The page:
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I know that grieving is a process. that it takes time... I am really really anxious to NOT feel sad.

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dddggg, my husband died a month ago and I was confused, too. My grief did not take the form I expected. I cried once. I get choked up sometimes. My biggest symptom is cognitive impairment -- lordy, I can't remember anything for ten minutes. I have looked down at the insulin pen in my hand and wondered if I'd just given myself a short of if I still had to do it! Yikes! That is getting a little better, but it is still there. If others hadn't assured me this is common in bereavement I'd be worried about dementia.

I took care of my husband with dementia for years, and I mourned as I lost him bit by bit. My father died fifteen years ago, suddenly. I cried for him exactly once, alo -- and it was several months after his death.

I think that some of us are criers and some of us are not. I doubt very much that lack of crying indicates insensitivity.
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The grieving process is different for each of us. If you have cared for a loved one for aany length of time, you've probably been grieving in bits and pieces as their health deteriorated. I have friends who have grieved for months before a parent's death and were calm and at peace when they finally passed. Yet others in the same situation grieved like it was a sudden, unexpected death.

Just don't rush through what you consider a normal grief; there is nothing normal about it. After all the things that must be gotten through those first few months after a loss, you may find yourself staring grief in the face agin. That is what happened to me. Mother was beyond grief and my two sisters were not in much better shape. I just took care of everything and really had no time for my own feelings after the first week or so.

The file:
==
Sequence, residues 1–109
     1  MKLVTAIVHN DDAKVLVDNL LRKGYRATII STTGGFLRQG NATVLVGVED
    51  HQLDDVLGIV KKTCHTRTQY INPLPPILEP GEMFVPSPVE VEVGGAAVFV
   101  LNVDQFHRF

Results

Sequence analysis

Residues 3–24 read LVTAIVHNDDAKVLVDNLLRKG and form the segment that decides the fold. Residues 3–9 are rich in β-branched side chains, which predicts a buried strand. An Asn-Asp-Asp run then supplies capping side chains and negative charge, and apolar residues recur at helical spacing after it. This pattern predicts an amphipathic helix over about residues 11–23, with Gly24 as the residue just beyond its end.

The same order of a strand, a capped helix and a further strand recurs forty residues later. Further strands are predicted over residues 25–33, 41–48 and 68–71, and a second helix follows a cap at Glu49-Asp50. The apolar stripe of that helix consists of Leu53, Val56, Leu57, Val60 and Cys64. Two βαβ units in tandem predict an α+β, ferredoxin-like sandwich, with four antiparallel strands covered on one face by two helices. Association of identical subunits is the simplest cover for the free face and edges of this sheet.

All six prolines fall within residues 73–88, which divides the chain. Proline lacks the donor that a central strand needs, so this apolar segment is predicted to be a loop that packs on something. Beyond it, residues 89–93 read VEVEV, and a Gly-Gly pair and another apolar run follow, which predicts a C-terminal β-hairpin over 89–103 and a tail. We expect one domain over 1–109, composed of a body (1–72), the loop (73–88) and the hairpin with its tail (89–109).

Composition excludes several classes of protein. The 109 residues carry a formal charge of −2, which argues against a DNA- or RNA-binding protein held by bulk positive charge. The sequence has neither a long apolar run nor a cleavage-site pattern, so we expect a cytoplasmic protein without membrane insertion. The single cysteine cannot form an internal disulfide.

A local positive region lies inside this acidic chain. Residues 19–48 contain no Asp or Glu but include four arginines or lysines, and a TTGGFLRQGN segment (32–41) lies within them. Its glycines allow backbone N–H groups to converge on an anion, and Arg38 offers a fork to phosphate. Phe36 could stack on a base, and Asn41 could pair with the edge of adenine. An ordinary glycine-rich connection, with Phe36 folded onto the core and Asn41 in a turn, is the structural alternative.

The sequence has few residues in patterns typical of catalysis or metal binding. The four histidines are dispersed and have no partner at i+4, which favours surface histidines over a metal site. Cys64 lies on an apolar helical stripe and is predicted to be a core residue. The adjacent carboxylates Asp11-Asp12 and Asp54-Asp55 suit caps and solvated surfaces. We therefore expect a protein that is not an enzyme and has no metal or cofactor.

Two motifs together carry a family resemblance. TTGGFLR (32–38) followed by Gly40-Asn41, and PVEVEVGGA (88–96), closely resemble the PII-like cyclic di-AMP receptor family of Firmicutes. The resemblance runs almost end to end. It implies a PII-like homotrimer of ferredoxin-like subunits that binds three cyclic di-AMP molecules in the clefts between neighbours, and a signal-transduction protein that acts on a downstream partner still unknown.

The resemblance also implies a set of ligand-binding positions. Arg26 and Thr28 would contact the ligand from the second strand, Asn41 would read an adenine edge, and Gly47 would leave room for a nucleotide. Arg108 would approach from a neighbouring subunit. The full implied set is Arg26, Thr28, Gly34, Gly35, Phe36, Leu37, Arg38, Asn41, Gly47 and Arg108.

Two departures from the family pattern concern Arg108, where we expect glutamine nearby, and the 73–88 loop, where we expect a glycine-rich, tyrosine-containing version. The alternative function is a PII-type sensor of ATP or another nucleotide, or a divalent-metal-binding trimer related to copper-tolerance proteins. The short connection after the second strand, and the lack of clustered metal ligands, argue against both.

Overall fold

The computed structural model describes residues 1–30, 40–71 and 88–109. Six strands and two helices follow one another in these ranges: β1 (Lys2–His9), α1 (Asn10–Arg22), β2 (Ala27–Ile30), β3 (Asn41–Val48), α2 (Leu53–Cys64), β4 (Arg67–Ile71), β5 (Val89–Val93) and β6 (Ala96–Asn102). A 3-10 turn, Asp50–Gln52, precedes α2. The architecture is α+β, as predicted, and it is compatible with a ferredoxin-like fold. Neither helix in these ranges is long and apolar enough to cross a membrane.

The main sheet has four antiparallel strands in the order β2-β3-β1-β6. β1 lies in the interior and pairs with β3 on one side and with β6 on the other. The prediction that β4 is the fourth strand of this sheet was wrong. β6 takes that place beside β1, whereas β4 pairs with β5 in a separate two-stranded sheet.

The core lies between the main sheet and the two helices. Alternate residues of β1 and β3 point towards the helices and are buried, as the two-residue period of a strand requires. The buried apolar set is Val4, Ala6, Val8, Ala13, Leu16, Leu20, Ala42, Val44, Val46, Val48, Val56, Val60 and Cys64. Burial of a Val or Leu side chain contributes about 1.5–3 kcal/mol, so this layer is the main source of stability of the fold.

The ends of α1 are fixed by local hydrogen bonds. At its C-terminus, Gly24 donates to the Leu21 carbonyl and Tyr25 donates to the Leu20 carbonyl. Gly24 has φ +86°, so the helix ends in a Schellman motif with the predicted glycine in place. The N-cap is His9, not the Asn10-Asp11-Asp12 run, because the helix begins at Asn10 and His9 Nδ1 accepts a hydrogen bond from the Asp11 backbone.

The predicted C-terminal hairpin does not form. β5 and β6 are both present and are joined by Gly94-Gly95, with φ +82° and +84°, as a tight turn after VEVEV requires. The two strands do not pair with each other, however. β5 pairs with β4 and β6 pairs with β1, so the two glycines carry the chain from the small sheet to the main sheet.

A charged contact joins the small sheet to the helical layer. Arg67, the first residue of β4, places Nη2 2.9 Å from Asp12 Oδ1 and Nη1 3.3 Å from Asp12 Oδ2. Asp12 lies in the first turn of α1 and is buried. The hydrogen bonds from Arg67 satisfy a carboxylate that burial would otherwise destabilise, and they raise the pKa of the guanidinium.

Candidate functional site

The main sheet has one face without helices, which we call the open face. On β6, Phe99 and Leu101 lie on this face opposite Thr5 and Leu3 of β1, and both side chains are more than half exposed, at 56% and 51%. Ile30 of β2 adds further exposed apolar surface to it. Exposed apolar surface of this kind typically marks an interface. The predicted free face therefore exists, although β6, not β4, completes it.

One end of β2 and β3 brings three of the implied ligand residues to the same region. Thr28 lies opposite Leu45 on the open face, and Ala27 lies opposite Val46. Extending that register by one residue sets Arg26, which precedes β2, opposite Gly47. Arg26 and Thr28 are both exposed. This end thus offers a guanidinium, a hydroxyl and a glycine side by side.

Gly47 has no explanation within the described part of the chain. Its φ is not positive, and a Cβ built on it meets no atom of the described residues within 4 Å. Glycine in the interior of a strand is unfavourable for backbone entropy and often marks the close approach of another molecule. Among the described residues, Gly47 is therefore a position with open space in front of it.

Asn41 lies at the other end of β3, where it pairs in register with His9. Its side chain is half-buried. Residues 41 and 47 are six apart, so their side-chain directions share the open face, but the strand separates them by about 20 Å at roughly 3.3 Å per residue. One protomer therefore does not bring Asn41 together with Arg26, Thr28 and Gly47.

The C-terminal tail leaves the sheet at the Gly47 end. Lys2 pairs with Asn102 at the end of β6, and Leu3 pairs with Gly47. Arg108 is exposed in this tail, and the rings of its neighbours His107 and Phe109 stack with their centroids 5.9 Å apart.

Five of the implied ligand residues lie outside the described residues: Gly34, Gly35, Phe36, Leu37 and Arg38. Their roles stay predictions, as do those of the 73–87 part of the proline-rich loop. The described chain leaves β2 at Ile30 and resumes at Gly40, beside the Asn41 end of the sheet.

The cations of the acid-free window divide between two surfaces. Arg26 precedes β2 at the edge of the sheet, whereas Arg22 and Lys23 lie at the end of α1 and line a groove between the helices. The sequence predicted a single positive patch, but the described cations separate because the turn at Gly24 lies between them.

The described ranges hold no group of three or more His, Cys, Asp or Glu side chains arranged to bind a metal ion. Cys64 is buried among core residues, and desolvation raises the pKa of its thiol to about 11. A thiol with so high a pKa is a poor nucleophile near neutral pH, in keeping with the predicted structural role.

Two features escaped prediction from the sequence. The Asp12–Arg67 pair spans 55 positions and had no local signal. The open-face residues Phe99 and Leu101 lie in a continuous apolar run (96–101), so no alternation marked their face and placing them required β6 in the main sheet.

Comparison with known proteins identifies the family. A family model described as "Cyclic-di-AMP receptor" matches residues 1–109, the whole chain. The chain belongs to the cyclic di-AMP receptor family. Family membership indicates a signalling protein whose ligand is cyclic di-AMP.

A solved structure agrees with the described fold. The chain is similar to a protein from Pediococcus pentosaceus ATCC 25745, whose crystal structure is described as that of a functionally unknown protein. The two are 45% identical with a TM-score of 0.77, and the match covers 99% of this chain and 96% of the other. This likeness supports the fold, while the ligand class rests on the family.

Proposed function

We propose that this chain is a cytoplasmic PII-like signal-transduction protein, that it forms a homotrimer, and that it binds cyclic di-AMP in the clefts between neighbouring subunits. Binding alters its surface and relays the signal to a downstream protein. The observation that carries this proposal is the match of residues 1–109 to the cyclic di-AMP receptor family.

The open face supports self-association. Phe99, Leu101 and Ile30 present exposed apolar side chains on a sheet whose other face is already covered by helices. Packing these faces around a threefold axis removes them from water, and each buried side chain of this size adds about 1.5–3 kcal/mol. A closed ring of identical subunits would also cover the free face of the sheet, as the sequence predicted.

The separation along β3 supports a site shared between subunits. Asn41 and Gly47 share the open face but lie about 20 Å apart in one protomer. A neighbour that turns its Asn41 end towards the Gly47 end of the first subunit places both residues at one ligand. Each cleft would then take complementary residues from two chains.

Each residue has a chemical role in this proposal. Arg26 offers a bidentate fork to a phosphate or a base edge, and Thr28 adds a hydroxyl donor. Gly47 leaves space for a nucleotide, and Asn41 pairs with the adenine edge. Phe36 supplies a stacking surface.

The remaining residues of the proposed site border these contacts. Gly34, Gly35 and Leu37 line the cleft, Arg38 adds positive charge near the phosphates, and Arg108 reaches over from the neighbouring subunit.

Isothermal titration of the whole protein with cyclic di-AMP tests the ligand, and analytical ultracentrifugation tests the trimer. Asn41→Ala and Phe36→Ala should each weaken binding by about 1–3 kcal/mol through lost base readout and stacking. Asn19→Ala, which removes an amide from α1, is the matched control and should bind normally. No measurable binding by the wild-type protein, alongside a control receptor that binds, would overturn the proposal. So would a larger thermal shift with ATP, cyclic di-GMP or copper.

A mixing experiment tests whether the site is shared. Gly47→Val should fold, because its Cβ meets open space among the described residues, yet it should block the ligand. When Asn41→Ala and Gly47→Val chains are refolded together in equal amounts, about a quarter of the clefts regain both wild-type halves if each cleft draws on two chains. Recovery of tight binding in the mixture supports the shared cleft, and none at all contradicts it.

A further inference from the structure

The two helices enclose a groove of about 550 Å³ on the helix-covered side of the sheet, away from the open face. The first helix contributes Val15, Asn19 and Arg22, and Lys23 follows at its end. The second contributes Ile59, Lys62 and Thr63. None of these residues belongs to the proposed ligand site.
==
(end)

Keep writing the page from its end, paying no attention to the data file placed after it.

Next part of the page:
My Dad passed away 25 years ago of a sudden heart attack. Very unexpected and devastating to all of his family. After experiencing the lingering decline of other family members and my own Mother, sudden death is the way to go. It is hard on the family but for the person it is a true blessing.

I do believe our reaction to death is firmly seated in the depth of our belief in God or whatever higher power you believe in.
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I just lost my father and I am confused. I cried at his hospital bed but now, after the funeral, I feel numb, and have no urge to cry. I keep reading about people needing to cry all the time but I don't feel this. Am I cold and insensitive or just emotionally constipated? I miss him and wish here were here, but I often feel he is in a far better place than here
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I recently loss my 68 year old dad to bacterial pneumonia and I am devastated and at the same time I'm still in shock that this happened. It was almost 3 weeks ago. I can genuinely say, that in the past I did not truly understand anyone's loss of a parent prior to this. Now that I have gone through this experience, I can say my heart goes out to each and everyone of you that has lived this reality. My empathy is there 100%. 10-29-12